This slick and visually impressive fantasy effort written and co-directed by Gordon Chan (‘Fist of Legend’, ‘Painted Skin’) certainly looks the biz and comes alive when the zippy action scenes burst on the screen but overall ‘The Four’ is a rather lacklustre affair that despite its best efforts and good pedigree just never takes off. A somewhat convoluted story doesn’t really help matters as it kicks off the film in a confusing manner as many characters, police divisions and plot threads vie for screen time in rapid succession. It goes something along the lines of: the Divine Constabulary (made up of four agents with special powers under the leadership of Anthony Wong) is a secretive organisation that report to the Emperor and are on the case of an illegal currency scheme. Also on the case are Department Six, an elite law enforcement group who don’t take too kindly to the Divine Constabulary’s inference. On top of this there are various assassins, hidden agents, agent to agent relationships and other nefarious schemes thrown into the mix and struggling for screen time making ‘The Four’ a rather heady mix of plots, subplots and escalating amounts of characters.
After the first twenty minutes or so, the above all settles down for the most part meaning proceedings are easier to follow but the overall storyline does get bogged down in, well, just too much happening. And unfortunately a lot of is not that interesting. The counterfeit currency plot strand doesn’t really give the plot the tension it needs, the Divine Constabulary agents all get to flex their individual powers but it never really feels that special and is nothing we haven’t seen before in other fantasy type flicks and as everything is introduced at such a rapid rate it makes it hard to care who is who and why they’re doing what they’re doing. In fact, despite the film clocking in at just shy of 2 hours proceedings seem to fly by so quickly, Chan and co-director Janet Chun seemingly in love with fast edits and what seem to be constantly swooping camera movements. When the action does ignite it also suffers from hurried editing: Ku Huan-Chiu’s impressive action choreography rushing by with little time to savour the fantastic flights of combat just witnessed.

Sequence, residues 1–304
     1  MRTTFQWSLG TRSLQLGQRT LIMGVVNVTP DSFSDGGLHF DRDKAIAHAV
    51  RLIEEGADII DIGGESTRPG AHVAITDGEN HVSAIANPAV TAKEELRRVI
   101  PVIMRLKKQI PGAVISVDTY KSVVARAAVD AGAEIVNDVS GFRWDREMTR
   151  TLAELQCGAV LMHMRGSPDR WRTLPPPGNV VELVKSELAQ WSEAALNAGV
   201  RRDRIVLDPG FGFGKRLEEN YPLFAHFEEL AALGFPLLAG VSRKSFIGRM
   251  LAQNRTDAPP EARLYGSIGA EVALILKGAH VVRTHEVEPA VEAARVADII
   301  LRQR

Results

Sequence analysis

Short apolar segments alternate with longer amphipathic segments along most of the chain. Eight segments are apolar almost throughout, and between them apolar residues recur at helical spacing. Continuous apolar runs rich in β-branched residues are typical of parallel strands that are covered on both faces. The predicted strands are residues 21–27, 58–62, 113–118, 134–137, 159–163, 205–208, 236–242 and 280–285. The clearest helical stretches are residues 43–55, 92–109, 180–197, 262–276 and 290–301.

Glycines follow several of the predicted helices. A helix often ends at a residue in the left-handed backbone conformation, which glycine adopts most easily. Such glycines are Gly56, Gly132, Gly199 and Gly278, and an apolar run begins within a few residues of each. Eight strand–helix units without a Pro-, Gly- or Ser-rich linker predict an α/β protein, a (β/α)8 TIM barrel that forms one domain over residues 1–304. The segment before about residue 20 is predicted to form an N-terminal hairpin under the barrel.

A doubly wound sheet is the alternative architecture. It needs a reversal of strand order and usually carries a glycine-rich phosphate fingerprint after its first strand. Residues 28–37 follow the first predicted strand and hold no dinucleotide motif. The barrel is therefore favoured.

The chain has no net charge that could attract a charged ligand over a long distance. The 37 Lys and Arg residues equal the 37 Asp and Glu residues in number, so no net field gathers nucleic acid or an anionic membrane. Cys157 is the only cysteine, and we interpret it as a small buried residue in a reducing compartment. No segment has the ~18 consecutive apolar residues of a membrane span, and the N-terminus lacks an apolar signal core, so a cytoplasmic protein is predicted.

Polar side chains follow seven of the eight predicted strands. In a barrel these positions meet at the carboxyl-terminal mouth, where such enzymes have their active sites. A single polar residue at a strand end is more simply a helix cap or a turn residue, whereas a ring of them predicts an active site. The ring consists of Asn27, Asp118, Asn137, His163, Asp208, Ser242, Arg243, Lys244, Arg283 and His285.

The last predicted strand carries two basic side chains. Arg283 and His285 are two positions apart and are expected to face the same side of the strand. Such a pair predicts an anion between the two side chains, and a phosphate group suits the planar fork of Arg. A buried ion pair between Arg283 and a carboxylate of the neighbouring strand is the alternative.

It’s not all a write off. Some elements of the story work well, the Divine Constabulary proving to be an interesting concept and eclectic mix of characters that are unfortunately overshadowed by various lacklustre supporting characters. Hopefully they will be further explored and developed in the already planned sequels. Since Chan is no slouch when it come to directing with bigger budgets, ‘The Four’ looks fantastic, the camerawork at times striking (the birds eye view of the Imperial City that opens the film and sees the camera follow several sets of characters is stunning), the production design equally impressive and for once the CGI effects look great and help enhance the fantasy elements (the undead warriors being particularly memorable).
It’s a shame the film just doesn’t connect as a whole. Gordon Chan can certainly do entertaining fantasy action (the underrated ‘Painted Skin’) but the various elements of ‘The Four’ just don’t gel meaning there are moments of fun but on the whole it’s all just a little dreary and long winded. Less critical fans of big budget Chinese fantasy action may get more of a kick out of it though.